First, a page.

Interview with Noam Chomsky covering a broad range of topics that are interconnected
Noam Chomsky is a linguist, philosopher, and political activist. He is the laureate professor of linguistics at the University of Arizona.
This was distributed by TomDispatch.
Interview by C.J. Polychroniou
David Barsamian: On March 20th, the UN’s Intergovernmental Panel on Climate Change issued its latest report. The new IPCC assessment from senior scientists warned that there’s little time to lose in tackling the climate crisis. UN Secretary-General Antonio Guterres said, “The rate of temperature rise in the last half-century is the highest in 2,000 years. Concentrations of carbon dioxide are at their highest in at least 2 million years. The climate time bomb is ticking.” At COP 27 he said, “We are on a highway to climate hell with our foot still on the accelerator. It is the defining issue of our age. It is the central challenge of our century.” My question to you is: You’d think survival would be a galvanizing issue, but why isn’t there a greater sense of urgency in addressing it in a substantial way?
Noam Chomsky: It was a very strong statement by Guterres. I think it could be stronger still. It’s not just the defining issue of this century, but of human history. We are now, as he says, at a point where we’ll decide whether the human experiment on Earth will continue in any recognizable form. The report was stark and clear. We’re reaching a point where irreversible processes will be set into motion. It doesn’t mean that everybody’s going to die tomorrow, but we’ll pass tipping points where nothing more can be done, where it’s just decline to disaster.
So yes, it’s a question of the survival of any form of organized human society. Already there are many signs of extreme danger and threat, so far almost entirely in countries that have had the smallest role in producing the disaster. It’s often said, and correctly, that the rich countries have created the disaster and the poor countries are its victims, but it’s actually a little more nuanced than that. It’s the rich in the rich countries who have created the disaster and everyone else, including the poor in the rich countries, face the problems.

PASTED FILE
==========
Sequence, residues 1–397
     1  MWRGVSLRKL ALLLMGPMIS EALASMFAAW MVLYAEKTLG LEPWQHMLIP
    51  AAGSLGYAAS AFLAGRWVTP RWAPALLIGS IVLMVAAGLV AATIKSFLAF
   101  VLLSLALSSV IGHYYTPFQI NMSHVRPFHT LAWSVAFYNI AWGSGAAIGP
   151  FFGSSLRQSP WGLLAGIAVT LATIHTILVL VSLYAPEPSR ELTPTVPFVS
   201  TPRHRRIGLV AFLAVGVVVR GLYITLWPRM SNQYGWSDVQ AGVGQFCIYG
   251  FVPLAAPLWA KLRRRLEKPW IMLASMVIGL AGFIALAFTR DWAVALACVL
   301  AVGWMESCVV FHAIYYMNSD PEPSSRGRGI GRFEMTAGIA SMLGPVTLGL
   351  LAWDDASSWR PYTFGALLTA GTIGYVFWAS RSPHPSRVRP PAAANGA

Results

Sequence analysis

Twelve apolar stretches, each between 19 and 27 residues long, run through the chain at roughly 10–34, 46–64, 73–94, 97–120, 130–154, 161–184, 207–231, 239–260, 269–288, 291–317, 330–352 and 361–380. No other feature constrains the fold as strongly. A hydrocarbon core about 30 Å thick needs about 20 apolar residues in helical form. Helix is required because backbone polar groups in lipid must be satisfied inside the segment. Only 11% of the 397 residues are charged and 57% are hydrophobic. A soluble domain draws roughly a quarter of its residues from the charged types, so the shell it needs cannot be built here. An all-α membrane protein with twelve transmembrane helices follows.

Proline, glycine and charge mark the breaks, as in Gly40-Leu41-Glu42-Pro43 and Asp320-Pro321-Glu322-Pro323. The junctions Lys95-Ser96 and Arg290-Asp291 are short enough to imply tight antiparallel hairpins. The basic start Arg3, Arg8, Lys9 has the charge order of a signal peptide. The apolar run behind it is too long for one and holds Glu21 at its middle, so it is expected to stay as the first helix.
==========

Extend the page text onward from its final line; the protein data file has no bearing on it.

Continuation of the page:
So, what’s happening? Well, take the United States and its two political parties. One party is 100% denialist. Climate change is not happening or, if it’s happening, it’s none of our business. The Inflation Reduction Act was basically a climate act that Biden managed to get through, though Congress sharply whittled it down. Not a single Republican voted for it. Not one. No Republican will vote for anything that harms the profits of the rich and the corporate sector, which they abjectly serve.
We should remember that this is not built in. Go back to 2008 when Senator John McCain was running for president. He had a small climate program. Not much, but something. Congress, including the Republicans, was considering doing something about what everyone knew was an impending crisis. The Koch Brothers’ huge energy conglomerate got wind of it. They had been working for years to ensure that the Republicans would loyally support their campaign to destroy human civilization. Here, there was deviation. They launched an enormous campaign, bribing, intimidating, astroturfing, lobbying to return the Republicans to total denialism, and they succeeded.
Since then, it’s the prime denialist party. In the last Republican primary before Trump took over in 2016, all the top Republican figures vying for the presidential nomination, either said that there’s no global warming or maybe there is, but it’s none of our business. The one small exception, greatly praised by liberal opinion, was John Kasich, the governor of Ohio. And he was actually the worst of all. What he said was: of course, global warming’s happening. Of course, humans are contributing to it. But we in Ohio are going to use our coal freely and without apology. He was so greatly honored that he would be invited to speak at the next Democratic convention. Well, that’s one of the two political parties. Not a sign of deviation among them from: let’s race to destruction in order to ensure that our prime constituency is as rich and powerful as possible.
Now, what about the other party? There was Bernie Sanders’s initiative, the Sunrise Movement’s activism, and even Joe Biden at first had a moderately decent climate program — not enough, but a big step forward from anything in the past. It would, however, be cut down, step by step, by 100% Republican opposition, and a couple of right-wing Democrats, Joe Manchin and Kyrsten Sinema. What finally came out was the Inflation Reduction Act, which could only get through by providing gifts to the energy corporations.
It brings to the fore the ultimate insanity of our institutional structure. If you want to stop destroying the planet and human life on Earth, you have to bribe the rich and powerful, so maybe they’ll come along. If we offer them enough candy, maybe they’ll stop killing people. That’s savage capitalism. If you want to get anything done, you have to bribe those who own the place.
And look what’s happening. Oil prices are out of sight and the energy corporations say: Sorry boys, no more sustainable energy. We make more money by destroying you. Even BP, the one company that was beginning to do something, in essence said: No, we make more profit from destroying everything, so we’re going to do that.